A man on a bike came up behind me, slowed to my pace, and gestured towards the headphones I was wearing. I kept them on and looked away and kept walking, but this creep slowed to my pace and followed next to me for two blocks until ignoring him made him ride away.
I was getting ready to climb on to the Charm City Circulator, on my way to work, when a male individual passed by me, making comments that I was “sexy”, etc. I gave him a look, which meant to express, “Why? Why do you have to make those comments? I clearly don’t like them,” but outwardly, I just looked disgusted. He then had a change of heart, and proceed to continually call me a “nappy headed bitch”. I tried not to laugh, gave him a thumbs up, and got on the bus.
A man in a brown van shouted at me for about a block. He turned as I crossed the street, and caught up with me just as I was approaching my office. Rather than let him see my building, I walked further. He kept asking if I was married and if I’d come over and talk to him.
A few weeks ago, as I walking down Charles Street I witnessed the tail end of a verbal altercation between a Baltimore City Police Officer and a transgender woman. The woman had clearly been angered by something the officer did, and was shouting at him. In order to shut the woman down, the officer pointedly and dismissively repeated “Have a nice day, SIR!” with clear emphasis on the word “sir”. I was so flabbergasted watching this, I didn’t know what to do, but when I happened to make eye contact with the offending officer, I simply shouted “That’s not nice!” I know I should have done more, but I was very taken aback. As someone who is gradually embracing a genderfluid identity, this was a very discouraging thing to witness.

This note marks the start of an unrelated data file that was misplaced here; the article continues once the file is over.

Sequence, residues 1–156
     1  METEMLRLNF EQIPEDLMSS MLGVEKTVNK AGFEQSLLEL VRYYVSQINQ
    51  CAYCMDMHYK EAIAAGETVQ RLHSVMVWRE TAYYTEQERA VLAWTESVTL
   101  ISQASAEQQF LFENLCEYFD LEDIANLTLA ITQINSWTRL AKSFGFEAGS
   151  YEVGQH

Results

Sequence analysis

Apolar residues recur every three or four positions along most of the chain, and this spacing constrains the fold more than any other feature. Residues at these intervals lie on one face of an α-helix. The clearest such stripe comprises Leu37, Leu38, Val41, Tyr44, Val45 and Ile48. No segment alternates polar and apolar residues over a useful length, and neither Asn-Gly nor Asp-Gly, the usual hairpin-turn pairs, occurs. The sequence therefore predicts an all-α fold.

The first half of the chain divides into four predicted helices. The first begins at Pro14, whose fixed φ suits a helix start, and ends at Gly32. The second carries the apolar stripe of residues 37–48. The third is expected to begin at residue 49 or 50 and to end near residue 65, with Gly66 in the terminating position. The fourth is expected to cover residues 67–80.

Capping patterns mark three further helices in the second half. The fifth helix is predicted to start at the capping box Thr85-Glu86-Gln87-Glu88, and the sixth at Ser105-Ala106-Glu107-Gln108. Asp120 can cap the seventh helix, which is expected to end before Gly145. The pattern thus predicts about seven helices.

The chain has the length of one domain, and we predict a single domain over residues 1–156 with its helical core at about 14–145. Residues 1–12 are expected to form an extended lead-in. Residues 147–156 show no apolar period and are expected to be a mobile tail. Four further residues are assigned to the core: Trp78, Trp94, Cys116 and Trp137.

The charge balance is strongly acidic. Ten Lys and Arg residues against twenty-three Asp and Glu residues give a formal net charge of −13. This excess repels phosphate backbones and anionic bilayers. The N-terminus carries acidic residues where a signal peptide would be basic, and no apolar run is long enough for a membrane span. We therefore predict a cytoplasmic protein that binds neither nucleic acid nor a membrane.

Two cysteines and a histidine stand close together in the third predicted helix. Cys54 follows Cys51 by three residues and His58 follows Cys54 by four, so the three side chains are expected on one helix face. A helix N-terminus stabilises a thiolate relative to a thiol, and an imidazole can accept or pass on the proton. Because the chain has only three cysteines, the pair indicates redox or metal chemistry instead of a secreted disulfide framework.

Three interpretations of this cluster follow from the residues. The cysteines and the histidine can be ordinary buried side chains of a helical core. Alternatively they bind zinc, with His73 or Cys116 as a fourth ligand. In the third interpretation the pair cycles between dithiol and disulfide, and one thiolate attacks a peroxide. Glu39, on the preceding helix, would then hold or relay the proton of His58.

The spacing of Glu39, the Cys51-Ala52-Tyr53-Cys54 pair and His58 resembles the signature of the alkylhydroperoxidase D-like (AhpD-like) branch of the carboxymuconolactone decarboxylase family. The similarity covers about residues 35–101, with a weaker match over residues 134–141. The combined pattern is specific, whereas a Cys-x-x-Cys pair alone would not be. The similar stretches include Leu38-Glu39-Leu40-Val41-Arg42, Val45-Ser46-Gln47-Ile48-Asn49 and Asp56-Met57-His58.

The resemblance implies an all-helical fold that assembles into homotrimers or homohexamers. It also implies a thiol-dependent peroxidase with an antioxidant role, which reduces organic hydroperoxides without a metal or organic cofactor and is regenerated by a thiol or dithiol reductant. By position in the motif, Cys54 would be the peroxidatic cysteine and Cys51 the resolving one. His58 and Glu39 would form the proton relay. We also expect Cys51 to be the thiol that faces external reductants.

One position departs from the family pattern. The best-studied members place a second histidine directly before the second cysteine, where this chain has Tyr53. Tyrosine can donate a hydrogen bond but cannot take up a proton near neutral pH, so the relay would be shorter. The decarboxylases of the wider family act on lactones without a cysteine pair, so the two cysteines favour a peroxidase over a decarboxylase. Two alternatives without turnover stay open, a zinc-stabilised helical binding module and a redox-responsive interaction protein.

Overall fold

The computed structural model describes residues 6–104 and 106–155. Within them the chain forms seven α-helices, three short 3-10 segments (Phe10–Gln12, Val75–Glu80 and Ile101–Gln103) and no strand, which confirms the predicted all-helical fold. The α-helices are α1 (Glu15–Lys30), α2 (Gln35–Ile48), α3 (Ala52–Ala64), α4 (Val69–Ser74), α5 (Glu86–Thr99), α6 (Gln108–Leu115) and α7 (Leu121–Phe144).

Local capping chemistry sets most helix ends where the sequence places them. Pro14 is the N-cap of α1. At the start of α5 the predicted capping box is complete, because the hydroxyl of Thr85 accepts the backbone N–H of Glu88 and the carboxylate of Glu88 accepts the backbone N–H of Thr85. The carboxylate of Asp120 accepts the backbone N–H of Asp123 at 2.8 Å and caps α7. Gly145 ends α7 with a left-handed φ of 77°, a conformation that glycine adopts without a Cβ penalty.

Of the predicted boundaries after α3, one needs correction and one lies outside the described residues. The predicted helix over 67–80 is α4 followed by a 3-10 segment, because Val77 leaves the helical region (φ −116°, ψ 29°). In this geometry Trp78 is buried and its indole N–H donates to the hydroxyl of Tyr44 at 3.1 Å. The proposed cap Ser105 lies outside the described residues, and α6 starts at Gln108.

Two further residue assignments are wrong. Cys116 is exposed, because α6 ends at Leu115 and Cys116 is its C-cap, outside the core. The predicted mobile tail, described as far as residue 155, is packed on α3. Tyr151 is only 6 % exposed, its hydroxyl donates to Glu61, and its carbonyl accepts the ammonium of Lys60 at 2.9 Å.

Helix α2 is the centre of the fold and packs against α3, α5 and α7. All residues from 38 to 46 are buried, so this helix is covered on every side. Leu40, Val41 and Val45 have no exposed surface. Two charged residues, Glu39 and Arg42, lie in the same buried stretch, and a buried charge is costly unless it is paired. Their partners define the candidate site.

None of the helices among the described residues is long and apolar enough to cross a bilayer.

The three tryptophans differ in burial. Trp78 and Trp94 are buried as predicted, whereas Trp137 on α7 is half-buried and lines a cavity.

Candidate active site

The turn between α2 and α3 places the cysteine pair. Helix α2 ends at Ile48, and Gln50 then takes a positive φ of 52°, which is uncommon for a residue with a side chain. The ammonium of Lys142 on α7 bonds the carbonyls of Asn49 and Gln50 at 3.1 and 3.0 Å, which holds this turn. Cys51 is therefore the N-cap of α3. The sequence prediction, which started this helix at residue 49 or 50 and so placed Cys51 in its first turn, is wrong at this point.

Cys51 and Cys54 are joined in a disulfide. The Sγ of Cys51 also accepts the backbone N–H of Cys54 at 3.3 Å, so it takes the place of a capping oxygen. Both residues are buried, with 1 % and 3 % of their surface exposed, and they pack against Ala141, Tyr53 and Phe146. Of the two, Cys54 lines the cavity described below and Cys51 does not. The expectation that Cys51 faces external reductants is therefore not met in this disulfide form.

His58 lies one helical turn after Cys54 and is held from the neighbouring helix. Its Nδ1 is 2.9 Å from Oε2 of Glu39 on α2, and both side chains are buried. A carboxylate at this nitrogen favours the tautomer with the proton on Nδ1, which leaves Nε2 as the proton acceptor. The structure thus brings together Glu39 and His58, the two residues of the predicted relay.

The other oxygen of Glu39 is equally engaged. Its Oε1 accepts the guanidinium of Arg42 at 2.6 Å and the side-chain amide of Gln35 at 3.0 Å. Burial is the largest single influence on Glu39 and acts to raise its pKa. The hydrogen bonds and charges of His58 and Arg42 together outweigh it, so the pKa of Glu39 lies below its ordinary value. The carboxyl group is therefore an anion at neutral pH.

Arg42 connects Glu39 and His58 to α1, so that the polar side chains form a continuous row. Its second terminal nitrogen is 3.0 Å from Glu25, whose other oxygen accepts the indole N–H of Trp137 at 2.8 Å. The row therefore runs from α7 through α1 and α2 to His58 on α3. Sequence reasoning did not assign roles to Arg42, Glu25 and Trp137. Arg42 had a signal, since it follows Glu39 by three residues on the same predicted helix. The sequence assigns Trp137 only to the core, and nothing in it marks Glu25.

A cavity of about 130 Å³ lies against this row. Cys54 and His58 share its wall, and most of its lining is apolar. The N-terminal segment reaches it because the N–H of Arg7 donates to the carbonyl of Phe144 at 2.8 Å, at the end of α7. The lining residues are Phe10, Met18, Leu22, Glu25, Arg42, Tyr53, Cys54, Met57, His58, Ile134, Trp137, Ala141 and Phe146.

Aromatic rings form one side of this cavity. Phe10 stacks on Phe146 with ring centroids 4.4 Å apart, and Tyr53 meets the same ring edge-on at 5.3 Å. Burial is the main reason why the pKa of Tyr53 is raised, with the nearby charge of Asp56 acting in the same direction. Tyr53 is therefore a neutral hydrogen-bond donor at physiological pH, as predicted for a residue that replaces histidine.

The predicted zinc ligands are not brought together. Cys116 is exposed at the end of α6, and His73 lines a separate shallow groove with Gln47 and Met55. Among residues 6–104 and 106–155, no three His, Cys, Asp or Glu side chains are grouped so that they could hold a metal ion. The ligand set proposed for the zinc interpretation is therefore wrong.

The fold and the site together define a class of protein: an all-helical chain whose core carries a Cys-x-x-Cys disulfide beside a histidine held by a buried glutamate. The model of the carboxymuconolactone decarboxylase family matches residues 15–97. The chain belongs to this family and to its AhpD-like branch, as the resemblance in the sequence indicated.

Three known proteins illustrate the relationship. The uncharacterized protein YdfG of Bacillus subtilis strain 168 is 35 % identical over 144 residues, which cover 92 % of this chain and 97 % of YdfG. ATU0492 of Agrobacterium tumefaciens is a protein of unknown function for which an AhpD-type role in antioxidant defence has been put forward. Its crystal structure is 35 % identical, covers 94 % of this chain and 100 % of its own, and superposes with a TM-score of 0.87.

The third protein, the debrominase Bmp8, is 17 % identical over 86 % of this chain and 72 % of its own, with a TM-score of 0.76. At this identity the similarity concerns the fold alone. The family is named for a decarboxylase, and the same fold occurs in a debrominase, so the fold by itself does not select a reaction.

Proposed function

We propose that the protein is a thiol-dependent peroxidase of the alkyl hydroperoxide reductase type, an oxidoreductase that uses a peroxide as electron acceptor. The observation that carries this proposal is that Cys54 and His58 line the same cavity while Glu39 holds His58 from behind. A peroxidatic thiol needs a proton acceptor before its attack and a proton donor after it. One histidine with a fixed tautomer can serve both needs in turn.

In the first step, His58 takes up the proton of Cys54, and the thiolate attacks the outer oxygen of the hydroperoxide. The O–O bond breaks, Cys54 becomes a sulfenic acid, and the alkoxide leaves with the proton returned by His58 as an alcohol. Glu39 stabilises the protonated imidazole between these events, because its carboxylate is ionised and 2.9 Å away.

I was just walking to [art store] in Mid-Town Belvedere when I got hit on twice in a row. There’s this little alleyway off of Tyson St that I walked through to get to Chase St and [art store]. There’s a small, empty warehouse there and today I noticed the door was open. As I am walking past and about to turn onto Chase, there’s also an open window in the warehouse that I glance at as I pass. Then a man’s voice comes from inside the building and says “I love you”. I speed up and as I turn the corner I can hear that he’s following me from inside the building because he keeps saying “I love you” and knocking on the glass. [Art store] is right there so I kept going and just hoping that he wont come out of the building (and already planning on leaving in the opposite direction to avoid him on my way back). About 1 minute later, right as I arrive at [art store], this other guy passes me and says “damn, you so sexy!”. I stayed in [art store] for what I hoped was a long enough time and took a longer way back to avoid the guy in the warehouse… so creepy!!!